Sixth-graders at Rochester City School #17 learned about home safety and practiced their presentation and leadership skills through a recent series of Peer to Peer Home Safety Trainings through a grant to Prevention 1st from the John Wegman Fund of the Rochester Area Community Foundation.
In these workshops, students typically learn about such safety topics as fire and burns, smoke alarms and exit plans, household hazards, kitchen safety, and poison prevention, which they then teach to their schoolmates. For this training, the school’s principal asked for a presentation on one particular aspect of poison prevention–exposure to lead. Two students whose lives had been affected by lead poisoning took on the topic, telling their own stories and teaching schoolmates how to help keep themselves, younger siblings and their families safer. Learn more about lead poisoning prevention in this article by our training partner Community Health Strategies.
John Wegman Fund board members Betty Wells and Susan Touhsaent attended the students’ presentations to second- and third-graders at School #17. Ms. Wells told Prevention 1st:
“I was impressed by both the individuals staffing the program and the young people attending. The adults gave lots of individualized attention but allowed the students to follow their own plans. Each adult offered a different skill set which helped all students. [The youth] showed an ability to work as teams and come out with a good product in a fairly short period of time. Each power point was so different and had their individual touches.”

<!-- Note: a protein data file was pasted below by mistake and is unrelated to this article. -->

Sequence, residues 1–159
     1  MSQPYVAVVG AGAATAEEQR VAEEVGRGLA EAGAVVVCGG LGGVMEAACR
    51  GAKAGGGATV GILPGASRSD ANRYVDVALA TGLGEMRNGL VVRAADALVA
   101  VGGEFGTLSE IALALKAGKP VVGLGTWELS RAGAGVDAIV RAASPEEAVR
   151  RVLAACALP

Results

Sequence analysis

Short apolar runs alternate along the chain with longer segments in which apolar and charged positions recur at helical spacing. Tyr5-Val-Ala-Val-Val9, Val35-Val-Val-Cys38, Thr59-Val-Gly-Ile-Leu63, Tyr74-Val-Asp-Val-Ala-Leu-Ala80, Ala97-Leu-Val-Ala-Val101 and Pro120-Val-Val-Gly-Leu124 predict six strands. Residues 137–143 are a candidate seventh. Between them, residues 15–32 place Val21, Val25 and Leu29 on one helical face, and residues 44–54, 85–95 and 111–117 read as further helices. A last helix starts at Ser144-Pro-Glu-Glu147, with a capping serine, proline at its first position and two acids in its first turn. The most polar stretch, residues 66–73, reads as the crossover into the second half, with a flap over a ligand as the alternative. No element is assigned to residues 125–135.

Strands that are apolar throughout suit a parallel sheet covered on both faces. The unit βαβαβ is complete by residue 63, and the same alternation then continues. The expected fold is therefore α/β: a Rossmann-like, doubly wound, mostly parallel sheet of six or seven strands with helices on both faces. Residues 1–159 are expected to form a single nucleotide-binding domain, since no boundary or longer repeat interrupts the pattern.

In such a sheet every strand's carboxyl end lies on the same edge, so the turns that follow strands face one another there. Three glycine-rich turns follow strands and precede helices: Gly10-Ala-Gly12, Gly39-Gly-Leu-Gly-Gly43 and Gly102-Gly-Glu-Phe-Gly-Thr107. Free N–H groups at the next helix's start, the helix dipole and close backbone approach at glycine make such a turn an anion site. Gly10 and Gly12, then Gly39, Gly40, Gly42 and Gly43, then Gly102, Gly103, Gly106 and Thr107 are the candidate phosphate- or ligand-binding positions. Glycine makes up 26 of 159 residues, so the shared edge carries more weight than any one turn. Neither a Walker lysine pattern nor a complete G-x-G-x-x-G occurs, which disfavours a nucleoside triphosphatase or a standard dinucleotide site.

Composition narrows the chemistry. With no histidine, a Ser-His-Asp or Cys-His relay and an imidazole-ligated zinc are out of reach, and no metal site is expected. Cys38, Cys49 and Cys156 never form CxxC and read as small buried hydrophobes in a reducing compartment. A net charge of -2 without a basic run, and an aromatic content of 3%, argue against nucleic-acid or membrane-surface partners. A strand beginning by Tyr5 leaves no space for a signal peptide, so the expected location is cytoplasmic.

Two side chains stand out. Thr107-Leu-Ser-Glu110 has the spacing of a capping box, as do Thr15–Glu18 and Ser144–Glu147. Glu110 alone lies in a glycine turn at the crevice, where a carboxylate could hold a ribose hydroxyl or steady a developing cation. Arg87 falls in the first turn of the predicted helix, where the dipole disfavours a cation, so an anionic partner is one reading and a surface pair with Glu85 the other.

Learn more about Prevention 1st‘s Peer to Peer Home Safety Training.
Imagine an epidemic so virulent that it is the leading cause of death for children, teens, young adults. It takes 125,000 lives in America alone every year, not to mention causing nearly $80 billion in medical costs. Such an epidemic would surely inspire extensive media coverage, politicians insisting that something be done, and intense public concern about how to protect themselves and their families.